A Queens doctor who pleaded guilty to illegally distributing thousands of oxycodone pills was sentenced Wednesday to 4 1/2 years in prison.
Before his sentence, Gracia Mayard, 63, who had offices in Forest Hills and at his home in Cambria Heights, apologized in federal court in Central Islip.
"I . . . truly and humbly apologize to the court, the government . . . my family for my inexcusable behavior," Mayard said. "I lost my medical license for which I worked so hard."
Later, his attorney, Edward Kratt of Manhattan, and Assistant U.S. Attorney Allen Bode declined to comment.
Mayard faced up to 87 months in prison. In sentencing him to 54 months, U.S. District Court Judge Joseph Bianco said he was trying to balance the good Mayard had done in the community and his native Haiti with his abuse of his "position of public trust."
Mayard pleaded guilty in September to conspiring to illegally distribute oxycodone. In addition to prison, Mayard got 3 years of supervised release, must forfeit $20,000 and undergo drug treatment for an oxycodone addiction.
"Dr. Mayard violated his oath and the law by illegally providing vast quantities of these powerful painkillers without medical necessity," acting Eastern District U.S. Attorney Kelly T. Currie said in a statement. "Health care providers who act as drug dealers are on notice that they will face serious consequences."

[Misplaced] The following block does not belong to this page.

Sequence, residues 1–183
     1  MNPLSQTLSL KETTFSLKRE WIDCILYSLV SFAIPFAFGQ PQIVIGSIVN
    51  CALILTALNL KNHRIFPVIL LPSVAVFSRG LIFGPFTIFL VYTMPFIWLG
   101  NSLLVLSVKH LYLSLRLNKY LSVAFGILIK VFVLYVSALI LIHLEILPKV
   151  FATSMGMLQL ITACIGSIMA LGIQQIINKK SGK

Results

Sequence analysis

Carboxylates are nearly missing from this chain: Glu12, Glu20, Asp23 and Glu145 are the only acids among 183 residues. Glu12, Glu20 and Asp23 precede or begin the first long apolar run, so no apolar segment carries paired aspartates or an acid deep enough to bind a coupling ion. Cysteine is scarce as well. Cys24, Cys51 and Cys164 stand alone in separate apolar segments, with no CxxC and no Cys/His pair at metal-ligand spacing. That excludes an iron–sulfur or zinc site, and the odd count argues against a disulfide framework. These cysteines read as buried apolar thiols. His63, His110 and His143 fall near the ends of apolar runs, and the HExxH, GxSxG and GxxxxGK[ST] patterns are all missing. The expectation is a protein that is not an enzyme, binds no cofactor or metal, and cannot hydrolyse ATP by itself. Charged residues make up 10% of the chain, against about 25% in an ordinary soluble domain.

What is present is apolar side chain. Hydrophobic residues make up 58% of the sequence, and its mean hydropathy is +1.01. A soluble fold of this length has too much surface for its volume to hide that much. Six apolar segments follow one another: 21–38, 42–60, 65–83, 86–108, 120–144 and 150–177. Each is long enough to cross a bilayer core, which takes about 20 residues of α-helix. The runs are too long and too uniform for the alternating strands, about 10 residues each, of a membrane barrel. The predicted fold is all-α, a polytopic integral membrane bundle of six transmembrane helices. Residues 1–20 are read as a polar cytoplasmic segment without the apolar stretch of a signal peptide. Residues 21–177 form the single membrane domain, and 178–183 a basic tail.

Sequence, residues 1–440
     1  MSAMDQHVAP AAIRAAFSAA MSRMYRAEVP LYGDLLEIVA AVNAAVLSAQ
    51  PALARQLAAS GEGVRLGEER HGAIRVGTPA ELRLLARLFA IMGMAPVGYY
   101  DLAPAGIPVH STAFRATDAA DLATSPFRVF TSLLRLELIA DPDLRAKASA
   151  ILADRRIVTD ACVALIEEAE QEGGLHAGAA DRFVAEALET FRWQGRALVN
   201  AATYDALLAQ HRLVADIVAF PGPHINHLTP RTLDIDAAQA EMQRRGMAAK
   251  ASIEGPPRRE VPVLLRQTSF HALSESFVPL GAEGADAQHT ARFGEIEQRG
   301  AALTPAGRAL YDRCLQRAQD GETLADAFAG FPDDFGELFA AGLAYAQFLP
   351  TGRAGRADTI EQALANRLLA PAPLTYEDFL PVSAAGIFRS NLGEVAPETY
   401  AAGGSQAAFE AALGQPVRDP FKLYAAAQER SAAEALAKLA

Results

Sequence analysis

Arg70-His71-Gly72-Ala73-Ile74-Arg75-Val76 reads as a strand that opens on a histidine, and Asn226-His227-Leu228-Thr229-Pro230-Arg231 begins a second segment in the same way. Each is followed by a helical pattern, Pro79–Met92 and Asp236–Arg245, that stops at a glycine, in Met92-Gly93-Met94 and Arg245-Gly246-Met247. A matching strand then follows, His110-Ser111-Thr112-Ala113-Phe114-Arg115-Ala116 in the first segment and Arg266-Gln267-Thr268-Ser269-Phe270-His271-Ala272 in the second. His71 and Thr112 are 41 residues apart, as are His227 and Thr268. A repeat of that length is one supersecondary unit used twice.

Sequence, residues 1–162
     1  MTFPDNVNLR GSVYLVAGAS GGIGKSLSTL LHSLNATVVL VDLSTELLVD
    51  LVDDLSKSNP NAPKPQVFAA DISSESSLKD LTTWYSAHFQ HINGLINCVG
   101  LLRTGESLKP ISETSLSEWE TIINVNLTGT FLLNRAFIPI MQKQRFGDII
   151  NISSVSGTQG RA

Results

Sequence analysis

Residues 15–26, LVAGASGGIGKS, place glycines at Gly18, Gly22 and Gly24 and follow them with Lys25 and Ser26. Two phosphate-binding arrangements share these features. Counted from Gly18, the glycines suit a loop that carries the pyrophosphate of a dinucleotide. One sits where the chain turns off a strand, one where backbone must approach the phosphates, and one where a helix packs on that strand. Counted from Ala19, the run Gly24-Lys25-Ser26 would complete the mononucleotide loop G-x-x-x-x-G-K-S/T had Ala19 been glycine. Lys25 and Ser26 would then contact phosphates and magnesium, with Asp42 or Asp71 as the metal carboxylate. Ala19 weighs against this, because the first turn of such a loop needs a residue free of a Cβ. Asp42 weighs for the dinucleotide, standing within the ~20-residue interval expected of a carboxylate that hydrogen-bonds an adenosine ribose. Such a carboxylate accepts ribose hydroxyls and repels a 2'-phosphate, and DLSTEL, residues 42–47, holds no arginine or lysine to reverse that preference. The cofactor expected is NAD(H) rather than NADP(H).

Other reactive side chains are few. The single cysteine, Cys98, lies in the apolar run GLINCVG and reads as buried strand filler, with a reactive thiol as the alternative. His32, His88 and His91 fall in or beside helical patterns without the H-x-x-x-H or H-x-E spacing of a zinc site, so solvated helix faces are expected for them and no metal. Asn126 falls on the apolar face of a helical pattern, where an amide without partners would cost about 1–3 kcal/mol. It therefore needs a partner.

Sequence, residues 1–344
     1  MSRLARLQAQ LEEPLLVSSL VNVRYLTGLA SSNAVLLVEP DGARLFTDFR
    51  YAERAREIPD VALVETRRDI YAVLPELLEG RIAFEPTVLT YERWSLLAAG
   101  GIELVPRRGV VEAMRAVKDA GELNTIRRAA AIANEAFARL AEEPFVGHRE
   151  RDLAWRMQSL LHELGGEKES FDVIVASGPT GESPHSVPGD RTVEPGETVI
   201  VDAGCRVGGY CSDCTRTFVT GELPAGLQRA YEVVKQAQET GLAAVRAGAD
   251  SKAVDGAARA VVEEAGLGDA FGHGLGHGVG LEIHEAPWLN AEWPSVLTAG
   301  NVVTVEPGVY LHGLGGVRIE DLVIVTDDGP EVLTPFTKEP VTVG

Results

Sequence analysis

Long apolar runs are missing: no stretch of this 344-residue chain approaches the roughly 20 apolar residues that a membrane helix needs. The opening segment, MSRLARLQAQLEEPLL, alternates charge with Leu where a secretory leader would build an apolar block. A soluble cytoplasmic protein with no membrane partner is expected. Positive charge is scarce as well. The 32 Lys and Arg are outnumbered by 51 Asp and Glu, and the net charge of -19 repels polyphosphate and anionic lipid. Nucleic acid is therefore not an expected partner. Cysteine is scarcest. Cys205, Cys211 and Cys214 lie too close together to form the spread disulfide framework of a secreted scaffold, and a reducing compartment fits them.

Mayard has been held since his arrest in March 2013, time counted toward his sentence, leaving him with 27 months to serve. Kratt had said Mayard suffers from kidney failure, diabetes and heart problems, leading him to become an oxycodone addict.
He was caught by federal Drug Enforcement Administration agents while attempting to flee the area, according to officials. The agents were investigating him for writing 6,500 prescriptions for more than 770,000 pills in four years, officials said.
Mayard, officials said, asked patients for the names of friends and relatives, so he could fraudulently write prescriptions in their names.
Officials at the time said he took in more than $1 million, by writing prescriptions for patients in the names of other people he had not seen.
Mayard's "exam room" contained a file cabinet and an "exam table covered with dust and papers," the agents said.
A month before his arrest, Mayard told DEA agents he had postdated prescriptions "to save time," and was not concerned with what happened after the prescriptions were filled, officials said. "It's just like a person that sells guns . . . He cannot control what happens after he sells a gun," agents quoted Mayard at that time.
When contacted by officials in March, he refused to surrender, and was tracked by his cellphone to a Queens street corner where a patient for whom he had prescribed narcotics was repairing the brakes on his car, Bode had said. The car contained food, clothes and medication. Mayard had several thousand dollars in cash on him, Bode said.
After the arrest, an attorney for Mayard said his client did not prescribe oxycodone to addicts and drug sellers but to patients in pain. "He was trying to help people," said the attorney, Gilbert Parris of Brooklyn.
With Ellen Yan